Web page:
The story turns the battered wife-abusive husband trope on it’s head. In Gone Girl, it’s the wife who’s a violent pyschopath who manipulates her victims and audience to her bidding. What’s interesting is everyone’s reaction to what was happening. I’m sure that the media won’t be so forgiving if it was a man who came back bloodied after murdering a woman, even if that woman kidnapped him and used him as a sex slave, meanwhile causing his wife to become a suspect in his “murder.”

It’s fascinating how Nick (Ben Afleck) in the end, feels trapped by his marriage to a woman he’s afraid could hurt him in his sleep. It echoes the majority of battered women trapped in a loveless marriage, forced to live under the thumb of their male partners.

On the other hand, I thought that the movie is also feminist as it shows that women can take control and direct their lives to where they want to be (although faking your death to frame your husband might not be such a good example to women). She used every weapon she had, including her sexuality, to get what she wants.

The very open ending of this film might cause frustration on the part of the audience but I don’t mind it at all. It allows us to imagine how their lives would become. Would he finally get the guts to leave and get a divorce? Would she eventually get a gun and shoot him in the head as he snores? (And sing “he had it comin'” “he only got himself to blame…”) Or would the town wake up to a murder with Nick Dunne holding the box cutter, this time?

We may never know…

Broadchurch Season 2: How does Chris Chibnall do it?

I watched Season 1 of Broadchurch in 1 day and in 1 sitting. Although it goes against the traditional police procedural, this drama series is as compelling as early season CSI episodes. I would not want to compare it with another British police drama, The Fall, but then I think I need to. The Fall was an extremely slow burn series. Both are intelligent but I found Broadchurch to be more accessible with all the back stories of each character very intriguing almost verging on soap opera tropes but holding itself back with incredibly powerful performances and smart writing.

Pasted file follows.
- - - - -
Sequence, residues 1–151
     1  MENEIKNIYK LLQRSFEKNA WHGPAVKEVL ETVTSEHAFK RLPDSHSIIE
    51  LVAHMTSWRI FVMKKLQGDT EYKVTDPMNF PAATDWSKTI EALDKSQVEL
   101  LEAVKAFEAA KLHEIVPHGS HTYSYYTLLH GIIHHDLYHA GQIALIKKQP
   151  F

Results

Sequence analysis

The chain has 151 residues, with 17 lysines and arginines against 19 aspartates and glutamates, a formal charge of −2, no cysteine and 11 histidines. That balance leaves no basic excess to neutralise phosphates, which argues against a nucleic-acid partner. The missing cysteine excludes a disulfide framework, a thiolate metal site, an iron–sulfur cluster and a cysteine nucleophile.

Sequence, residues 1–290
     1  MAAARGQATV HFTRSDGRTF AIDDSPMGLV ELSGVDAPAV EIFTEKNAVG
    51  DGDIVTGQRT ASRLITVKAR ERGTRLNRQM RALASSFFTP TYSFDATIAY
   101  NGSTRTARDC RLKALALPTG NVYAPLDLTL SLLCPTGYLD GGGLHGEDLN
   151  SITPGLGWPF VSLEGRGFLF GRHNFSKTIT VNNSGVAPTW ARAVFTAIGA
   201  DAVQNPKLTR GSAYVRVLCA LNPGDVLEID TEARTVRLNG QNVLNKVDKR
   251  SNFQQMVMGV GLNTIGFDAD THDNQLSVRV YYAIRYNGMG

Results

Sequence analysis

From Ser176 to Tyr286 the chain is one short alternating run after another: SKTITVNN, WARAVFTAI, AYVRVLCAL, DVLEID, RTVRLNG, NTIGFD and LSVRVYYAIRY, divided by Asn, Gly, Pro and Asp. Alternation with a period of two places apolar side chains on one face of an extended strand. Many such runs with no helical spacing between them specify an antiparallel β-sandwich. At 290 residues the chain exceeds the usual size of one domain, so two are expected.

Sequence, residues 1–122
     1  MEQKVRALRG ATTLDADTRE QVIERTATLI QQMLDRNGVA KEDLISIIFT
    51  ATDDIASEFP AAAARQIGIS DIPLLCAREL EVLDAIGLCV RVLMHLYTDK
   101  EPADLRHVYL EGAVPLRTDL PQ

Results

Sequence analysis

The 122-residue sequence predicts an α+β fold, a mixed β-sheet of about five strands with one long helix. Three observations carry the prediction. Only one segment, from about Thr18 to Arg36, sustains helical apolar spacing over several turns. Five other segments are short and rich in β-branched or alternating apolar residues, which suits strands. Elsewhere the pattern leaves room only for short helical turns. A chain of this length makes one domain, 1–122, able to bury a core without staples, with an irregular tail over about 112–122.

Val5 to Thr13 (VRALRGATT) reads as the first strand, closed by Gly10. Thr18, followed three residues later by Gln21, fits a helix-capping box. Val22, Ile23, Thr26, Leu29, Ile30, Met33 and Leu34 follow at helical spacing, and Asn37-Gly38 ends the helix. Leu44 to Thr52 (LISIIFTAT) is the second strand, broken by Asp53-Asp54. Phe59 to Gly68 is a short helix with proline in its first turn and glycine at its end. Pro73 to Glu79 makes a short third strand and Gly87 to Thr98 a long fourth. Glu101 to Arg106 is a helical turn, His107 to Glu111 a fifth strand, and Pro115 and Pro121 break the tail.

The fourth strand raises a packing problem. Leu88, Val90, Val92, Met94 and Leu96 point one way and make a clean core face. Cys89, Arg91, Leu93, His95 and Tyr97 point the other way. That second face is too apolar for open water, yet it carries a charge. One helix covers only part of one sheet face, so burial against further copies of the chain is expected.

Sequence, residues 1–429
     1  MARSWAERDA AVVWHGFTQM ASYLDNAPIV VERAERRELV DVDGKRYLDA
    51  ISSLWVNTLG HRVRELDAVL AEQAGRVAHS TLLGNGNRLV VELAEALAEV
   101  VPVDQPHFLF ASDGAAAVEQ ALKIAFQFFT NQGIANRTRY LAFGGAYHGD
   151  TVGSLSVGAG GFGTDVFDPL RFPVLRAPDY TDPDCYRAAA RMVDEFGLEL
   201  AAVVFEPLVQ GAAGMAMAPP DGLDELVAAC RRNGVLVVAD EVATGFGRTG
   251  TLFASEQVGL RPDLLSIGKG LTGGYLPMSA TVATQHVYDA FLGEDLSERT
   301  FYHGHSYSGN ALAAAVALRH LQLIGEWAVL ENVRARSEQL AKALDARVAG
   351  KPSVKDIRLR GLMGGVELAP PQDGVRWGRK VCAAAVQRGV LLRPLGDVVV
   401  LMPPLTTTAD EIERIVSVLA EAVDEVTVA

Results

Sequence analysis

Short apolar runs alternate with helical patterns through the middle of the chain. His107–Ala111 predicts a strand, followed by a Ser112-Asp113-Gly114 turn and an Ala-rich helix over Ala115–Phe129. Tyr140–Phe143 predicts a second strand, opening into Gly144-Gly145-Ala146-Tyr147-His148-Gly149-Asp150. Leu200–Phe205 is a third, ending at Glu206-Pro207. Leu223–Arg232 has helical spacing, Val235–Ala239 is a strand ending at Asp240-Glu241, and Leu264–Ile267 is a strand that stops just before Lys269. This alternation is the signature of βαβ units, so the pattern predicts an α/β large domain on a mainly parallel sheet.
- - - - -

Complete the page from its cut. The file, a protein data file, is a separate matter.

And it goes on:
It’s also visually stunning. I wouldn’t mind moving into that idyllic town with a cliff on the beach, rustic cottages, and small town charm where everyone knows everyone else’s business. The production really took advantage of the location in Dorset. I love the cinematography and how they compose the shots. The place itself adds another layer of character to the story.

I’ve seen up to Episode 3 and so far, I love the new series. It continues from where the first season left off – the trial of Joe Miller, the suspect in the death of Daniel Latimer. We see what happened to the characters after the shocking reveal. It seems the intrigue continues and no one has moved on.

I think the main strength of the story lies in the relationship dynamic of the characters. Some of their relationships are rarely portrayed. Example is the prosecutor and the defence (or defense) lawyers (or barristers). The retired prosecutor (Jocelyn Knight played by Charlotte Rampling) used to be the defence attorney’s (Sharon Bishop played by Marianne-Jean Baptise) mentor and professor. It’s revealed and implied that Sharon Bishop asked Jocelyn’s help for her son who was now incarcerated for an unknown (yet) reason but her mentor refused. It appears to be the main motivation for the character to help out the accused.

And of course, the Mulder-Scully (at least in the TV series) esque relationship of DI Alec Hardy and now, PC Ellie Miller. So rare is this platonic friendship based on mutual respect ever explored with a man and a woman. Somehow, TV and movie executives always mess things up with sexual chemistry, as if friendship between a man and a woman is not possible.

The former best friends Beth Latimer and Ellie Miller are also explored in the wake of the tragedy. It’s interesting how each character react with the other. Will their friendship ever be mended?

I can’t wait for the next episodes. Chris Chibnall certainly can deliver another great season of Broadchurch. Makes me wish he’ll be Steven Moffat’s replacement for Doctor Who (you know, when time comes). I know he’ll give us a Doctor Who we’ve never seen before.

 

The Sound of Music: As I Bid Adieu to 2014

FYI, Facebook, this year has not been great. How could it be when you’ve lost a beloved brother, whose life was just starting to make sense. As Idris the T.A.R.D.I.S. said, “I’ve been looking for a word. A big, complicated word but so sad.” “Alive.” It’s sad when it’s over. When you’ve experience a tragedy like that, you can’t help but be intimately acquainted with the concept.